But no matter how many pages he destroyed, how many encyclopedic entries he scribbled over, Henryk finally realized that the task he had set himself exceeded the capacities of a single person. The figure of the proud monarch, bearer of the Janina coat of arms, kept emerging on endless occasions – his moustache copied by printing houses all over the country; his name living in the memory of each child.
Henryk realized that he could not destroy the memory of his enemy. For some time, he seriously considered blowing up St. Leonard’s Crypt under Wawel Cathedral, the place of Sobieski’s eternal burial. To this end, he bought additional, newer maps – with the intent of breaking into the Wawel catacombs – and some gunpowder, just enough to destroy the sarcophagus and the rotten wood of the coffin. However, poor Henryk realized that this would only make the name of the desecrated tomb’s occupant even more famous, and the explosion might also damage the queen’s tomb.
One can imagine the problem that Henryk was forced to consider by the unhappy circumstances of the present. He spent long, sleepless nights sitting at his oak desk, dressed in long-unwashed pyjamas, looking his beloved Marysieńka in the eye. He started asking himself if time travel was a possibility. He engaged in hectic studies of writings on contemporary physics recommended to him by his famous cousin Julian Ochorowicz, as well as those on occultism. He ordered subscriptions to such esoteric magazines as Kuryer Metapsychiczny “Dziwy życia” [Metaphysical Courier], Lotos [Lotus], Nowoczesny Ruch Spirytualistyczny [Modern Spiritual Movement], and Świat Wiedzy Tajemnej [The World of Arcane Knowledge]. He frantically read short stories by Jadwiga Cichocka and H. G. Wells, looking for a way to wrest open the gates to the past, to get to the other side of the Styx.
Ultimately, the easily predictable failures that ensued – with him being after all but an amateur in such highly complex matters – brought him to the loud, sobby depths of despair, which some time later turned into quiet grief, idleness and sleepy torpor, drifting absent-mindedly through the labyrinth of daily tasks. However, he mostly spent his days on a couch, staring at the white wall, at the window, at the tree outside the window, at the moon outside the window… Truth be told, there is not much point listing all of these objects, because though he looked at them, he never actually saw anything.
One day, something strange happened. When he was lying in his bed, woken up by the ruckus that the crazy cat had made in the kitchen, he noticed with astonishment that he was wearing a nightcap sewn by hand. His head was aching. He stretched out his hand – not yet conscious or fully awake – to take some aspirin, and instead grabbed a handful of dry ginkgo leaves. He did not understand any of it, but he had already reached a point where he did not care to.
On the following day, he woke up with back pain. When he finally got up, he noticed that someone had replaced his bed with a primitive bunk in the night. Who might have done it? He suspected that the herbs he had brewed the day before had sedated him so much that thieves had easily lifted him without waking him up, put the old-fashioned piece of furniture under him, and fled. He reported this to the Main Inspectorate of the National Police Headquarters, but the officers brushed him off. When he was finishing his conversation with a policeman, he noticed out of the corner of his eye the presence of a Sarmatian noble, vigorously walking down the corridors of the police station with a sabre at his side. Henryk began to fear that he was going mad.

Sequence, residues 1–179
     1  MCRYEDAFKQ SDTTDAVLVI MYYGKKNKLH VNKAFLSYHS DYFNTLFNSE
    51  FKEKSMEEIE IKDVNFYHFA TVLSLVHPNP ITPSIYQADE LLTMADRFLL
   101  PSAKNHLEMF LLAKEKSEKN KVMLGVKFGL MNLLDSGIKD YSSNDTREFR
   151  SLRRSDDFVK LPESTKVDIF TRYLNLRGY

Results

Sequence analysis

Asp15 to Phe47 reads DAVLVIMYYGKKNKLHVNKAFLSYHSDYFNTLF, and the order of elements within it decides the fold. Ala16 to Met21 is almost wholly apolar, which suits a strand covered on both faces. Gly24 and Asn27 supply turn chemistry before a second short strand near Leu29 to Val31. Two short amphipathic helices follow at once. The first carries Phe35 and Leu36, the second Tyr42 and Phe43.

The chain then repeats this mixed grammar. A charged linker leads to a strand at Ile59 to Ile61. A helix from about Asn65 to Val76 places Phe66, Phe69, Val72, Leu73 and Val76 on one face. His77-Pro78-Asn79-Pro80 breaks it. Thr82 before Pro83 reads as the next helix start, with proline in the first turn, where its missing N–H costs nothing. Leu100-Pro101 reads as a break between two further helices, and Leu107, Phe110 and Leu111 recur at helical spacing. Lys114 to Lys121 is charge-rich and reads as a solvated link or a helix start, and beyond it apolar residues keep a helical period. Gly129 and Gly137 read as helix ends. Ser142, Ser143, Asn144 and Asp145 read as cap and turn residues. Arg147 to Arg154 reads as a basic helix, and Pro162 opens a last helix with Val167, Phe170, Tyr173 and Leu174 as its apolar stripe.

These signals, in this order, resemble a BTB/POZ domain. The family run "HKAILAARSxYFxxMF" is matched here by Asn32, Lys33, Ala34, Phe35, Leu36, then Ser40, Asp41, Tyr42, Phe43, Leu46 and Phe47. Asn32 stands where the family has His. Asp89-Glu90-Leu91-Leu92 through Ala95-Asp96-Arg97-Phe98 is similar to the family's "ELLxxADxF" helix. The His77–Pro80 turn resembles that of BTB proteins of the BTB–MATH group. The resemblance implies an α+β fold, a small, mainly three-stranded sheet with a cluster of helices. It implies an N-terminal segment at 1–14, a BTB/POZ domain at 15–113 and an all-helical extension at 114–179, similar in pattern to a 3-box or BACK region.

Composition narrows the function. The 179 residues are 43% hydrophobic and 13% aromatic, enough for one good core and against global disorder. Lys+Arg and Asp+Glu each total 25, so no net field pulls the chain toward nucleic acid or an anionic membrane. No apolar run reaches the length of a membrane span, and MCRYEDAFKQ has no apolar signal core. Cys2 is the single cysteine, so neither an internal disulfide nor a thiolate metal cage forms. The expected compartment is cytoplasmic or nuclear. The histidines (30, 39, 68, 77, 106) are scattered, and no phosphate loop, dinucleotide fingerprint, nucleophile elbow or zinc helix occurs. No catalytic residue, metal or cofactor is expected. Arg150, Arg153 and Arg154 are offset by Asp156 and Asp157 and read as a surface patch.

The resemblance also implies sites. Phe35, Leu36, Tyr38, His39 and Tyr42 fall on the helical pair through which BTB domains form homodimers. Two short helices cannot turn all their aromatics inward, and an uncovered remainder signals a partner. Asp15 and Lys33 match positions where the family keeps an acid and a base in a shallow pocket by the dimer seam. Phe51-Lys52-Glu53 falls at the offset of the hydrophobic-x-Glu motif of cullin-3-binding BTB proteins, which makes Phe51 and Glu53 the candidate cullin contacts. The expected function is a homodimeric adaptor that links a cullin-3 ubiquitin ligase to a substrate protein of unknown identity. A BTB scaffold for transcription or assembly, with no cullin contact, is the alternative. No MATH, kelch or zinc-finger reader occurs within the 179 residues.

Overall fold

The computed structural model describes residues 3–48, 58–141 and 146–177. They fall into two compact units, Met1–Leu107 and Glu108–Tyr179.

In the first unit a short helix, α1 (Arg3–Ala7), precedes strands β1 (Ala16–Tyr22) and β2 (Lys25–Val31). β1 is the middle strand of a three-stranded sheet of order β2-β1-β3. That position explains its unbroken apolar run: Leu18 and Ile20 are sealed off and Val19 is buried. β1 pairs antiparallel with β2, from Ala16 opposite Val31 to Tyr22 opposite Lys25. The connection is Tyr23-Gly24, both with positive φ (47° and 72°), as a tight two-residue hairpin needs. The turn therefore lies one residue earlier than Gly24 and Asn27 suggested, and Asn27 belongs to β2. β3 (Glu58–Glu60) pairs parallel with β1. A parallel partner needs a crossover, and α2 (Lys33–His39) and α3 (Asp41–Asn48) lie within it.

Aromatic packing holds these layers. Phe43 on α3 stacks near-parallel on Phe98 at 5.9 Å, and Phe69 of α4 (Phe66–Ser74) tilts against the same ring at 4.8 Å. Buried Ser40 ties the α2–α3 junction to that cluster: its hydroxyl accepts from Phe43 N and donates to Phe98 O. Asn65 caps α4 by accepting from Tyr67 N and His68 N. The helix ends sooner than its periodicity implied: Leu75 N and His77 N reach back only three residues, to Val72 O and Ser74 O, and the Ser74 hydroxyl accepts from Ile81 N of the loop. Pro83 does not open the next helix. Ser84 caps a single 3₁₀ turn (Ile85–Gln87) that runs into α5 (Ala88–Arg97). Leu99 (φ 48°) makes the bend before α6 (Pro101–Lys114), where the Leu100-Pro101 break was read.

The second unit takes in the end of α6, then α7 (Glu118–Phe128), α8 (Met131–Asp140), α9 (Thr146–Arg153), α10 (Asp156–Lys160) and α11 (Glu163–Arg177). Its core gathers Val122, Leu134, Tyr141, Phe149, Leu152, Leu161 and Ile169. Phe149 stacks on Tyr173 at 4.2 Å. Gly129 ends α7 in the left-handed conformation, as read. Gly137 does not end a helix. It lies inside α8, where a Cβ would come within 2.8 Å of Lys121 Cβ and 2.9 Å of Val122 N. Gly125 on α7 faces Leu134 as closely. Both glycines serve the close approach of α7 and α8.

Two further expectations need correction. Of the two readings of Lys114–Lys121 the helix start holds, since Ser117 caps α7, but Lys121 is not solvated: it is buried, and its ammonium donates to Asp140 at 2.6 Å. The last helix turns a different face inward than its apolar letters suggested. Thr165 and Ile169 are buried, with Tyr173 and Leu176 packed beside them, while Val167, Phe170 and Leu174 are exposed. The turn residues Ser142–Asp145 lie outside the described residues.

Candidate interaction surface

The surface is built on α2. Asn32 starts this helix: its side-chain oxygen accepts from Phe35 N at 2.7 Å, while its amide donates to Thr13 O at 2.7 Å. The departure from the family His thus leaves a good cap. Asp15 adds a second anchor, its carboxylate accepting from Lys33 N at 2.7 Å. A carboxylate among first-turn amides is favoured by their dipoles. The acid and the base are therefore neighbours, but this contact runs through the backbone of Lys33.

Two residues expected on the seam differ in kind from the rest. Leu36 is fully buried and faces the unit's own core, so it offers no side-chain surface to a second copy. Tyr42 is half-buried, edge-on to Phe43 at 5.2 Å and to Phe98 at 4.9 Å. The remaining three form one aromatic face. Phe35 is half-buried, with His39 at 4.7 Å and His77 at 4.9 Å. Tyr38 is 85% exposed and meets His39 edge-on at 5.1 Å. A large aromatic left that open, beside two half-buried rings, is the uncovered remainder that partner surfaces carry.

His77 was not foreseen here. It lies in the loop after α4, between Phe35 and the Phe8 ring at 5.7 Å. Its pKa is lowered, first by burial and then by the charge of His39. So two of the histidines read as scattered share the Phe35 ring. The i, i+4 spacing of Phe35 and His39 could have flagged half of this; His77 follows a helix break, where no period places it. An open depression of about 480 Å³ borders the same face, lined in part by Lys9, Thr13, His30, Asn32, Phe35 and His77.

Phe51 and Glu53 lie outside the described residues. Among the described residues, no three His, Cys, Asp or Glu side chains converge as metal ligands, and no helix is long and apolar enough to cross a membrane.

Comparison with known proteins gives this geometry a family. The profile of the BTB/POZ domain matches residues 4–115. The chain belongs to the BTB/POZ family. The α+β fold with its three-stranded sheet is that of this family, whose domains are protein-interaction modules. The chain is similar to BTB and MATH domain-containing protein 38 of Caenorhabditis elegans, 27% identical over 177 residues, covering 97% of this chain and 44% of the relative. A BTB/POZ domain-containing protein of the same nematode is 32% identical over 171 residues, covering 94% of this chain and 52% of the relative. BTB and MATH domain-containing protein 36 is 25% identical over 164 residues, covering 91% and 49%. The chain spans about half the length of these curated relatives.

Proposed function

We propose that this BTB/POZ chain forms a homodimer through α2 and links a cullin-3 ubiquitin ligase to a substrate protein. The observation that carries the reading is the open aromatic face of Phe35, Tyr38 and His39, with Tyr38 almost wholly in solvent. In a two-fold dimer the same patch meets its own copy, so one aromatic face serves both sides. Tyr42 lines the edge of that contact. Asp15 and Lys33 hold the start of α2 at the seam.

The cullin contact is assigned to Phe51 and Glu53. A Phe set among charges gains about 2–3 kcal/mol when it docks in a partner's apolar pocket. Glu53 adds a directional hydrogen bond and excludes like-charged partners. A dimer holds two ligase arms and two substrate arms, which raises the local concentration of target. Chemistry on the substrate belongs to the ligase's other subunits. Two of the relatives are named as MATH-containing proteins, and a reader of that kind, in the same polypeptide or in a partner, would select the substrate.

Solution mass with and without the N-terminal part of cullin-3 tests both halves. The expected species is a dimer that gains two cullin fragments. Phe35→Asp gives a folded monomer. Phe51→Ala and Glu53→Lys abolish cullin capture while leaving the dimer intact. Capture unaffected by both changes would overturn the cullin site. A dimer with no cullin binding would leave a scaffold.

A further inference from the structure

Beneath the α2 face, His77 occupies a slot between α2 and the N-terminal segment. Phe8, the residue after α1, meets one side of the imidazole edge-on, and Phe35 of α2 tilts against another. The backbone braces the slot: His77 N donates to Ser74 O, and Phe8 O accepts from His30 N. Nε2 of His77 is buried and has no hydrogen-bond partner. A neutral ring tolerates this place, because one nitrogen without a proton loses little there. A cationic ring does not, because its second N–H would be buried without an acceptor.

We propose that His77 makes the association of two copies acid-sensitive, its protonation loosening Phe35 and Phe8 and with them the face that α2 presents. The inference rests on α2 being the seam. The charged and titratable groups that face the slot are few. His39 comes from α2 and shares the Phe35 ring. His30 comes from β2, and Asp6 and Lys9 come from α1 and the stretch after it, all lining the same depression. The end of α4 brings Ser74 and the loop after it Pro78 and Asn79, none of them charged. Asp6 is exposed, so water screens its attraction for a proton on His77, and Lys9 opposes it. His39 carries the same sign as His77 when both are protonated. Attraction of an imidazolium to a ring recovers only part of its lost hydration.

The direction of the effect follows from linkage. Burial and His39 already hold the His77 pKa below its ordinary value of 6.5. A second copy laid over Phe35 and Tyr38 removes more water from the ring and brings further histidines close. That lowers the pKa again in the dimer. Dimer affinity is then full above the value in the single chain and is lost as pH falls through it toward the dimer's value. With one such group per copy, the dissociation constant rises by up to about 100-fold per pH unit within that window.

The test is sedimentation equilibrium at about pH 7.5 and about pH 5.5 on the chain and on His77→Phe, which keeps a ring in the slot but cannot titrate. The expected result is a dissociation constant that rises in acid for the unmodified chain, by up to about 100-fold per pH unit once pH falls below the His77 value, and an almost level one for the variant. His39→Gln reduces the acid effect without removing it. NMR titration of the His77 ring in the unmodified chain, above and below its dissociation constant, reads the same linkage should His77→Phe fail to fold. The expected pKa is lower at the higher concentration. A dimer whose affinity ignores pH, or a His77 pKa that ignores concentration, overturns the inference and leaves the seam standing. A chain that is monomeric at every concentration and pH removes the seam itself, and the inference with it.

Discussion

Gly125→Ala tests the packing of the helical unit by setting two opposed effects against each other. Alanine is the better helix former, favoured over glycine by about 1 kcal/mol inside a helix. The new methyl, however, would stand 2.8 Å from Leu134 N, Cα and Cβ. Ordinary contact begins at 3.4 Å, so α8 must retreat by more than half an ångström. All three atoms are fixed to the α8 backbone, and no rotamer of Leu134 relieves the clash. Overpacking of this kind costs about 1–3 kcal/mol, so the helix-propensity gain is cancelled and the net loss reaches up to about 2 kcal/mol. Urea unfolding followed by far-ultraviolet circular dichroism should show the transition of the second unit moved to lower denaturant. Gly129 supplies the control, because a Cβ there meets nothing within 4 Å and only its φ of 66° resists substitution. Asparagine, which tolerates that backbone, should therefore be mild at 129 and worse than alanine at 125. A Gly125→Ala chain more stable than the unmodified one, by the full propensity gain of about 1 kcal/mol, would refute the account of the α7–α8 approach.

Some time later, when it appeared that things had calmed down and Henryk decided to take a stroll in downtown Warsaw, he noticed that there were no automobiles or trams parked or driving along the street. Instead, he could see horses, snorting anxiously, with saddles that had not been in use for centuries. In those saddles sat unshaven men who were dressed in tattered gray rags, in żupan garments nobody had worn for a very long time, holding goatskins filled with invigorating beverages. Against the backdrop of Warsaw’s interwar architecture, it created a picture that offered some food for thought.
Henryk felt as if someone had whacked him with a stick, as it finally dawned on him: some elements of reality were regressing. Time was peeling away, albeit slowly and not everywhere. Painkillers had turned into herbs (their counterparts from centuries ago), and automobiles into horses. Henryk realized that this was caused by the depth of his feeling, which had permeated the fabric of the world so greatly that it modified its temporal dimension. The mutation had reached every particle of reality, whether animate or inanimate. Matter was slowly reverting to its earlier forms.
He calmly waited for further transformations. On every consecutive day, he would wake up and notice something new – something that was in fact something older; some particular fragment of reality that had become different, more like its former self. One day, when he woke up and shoved the cat off the sheets, he felt that the animal’s fur had become wilder; coarser. He put on his trousers and took out an 18th-century coin from his pocket. He realized that something was about to happen; something that had to happen.
When the memorable day finally came, he got up from his bunk in a spacious chamber and stretched. He put on a shirt with wide cuffs and a cotton cape. Then he walked through the brass door, and down a long corridor with purple walls. He was old, his hair had turned grey, but he was elegant and therefore felt confident. Feeling his heart beating, he walked towards an oak door. The powerful voice of intuition told him that behind that door was the bedroom of Queen Marie Casimire, who had been waiting for him for a very, very long time.
This text is an excerpt from a book that will be published in 2019 by the Przekrój Foundation.
Translated by Daniel J. Sax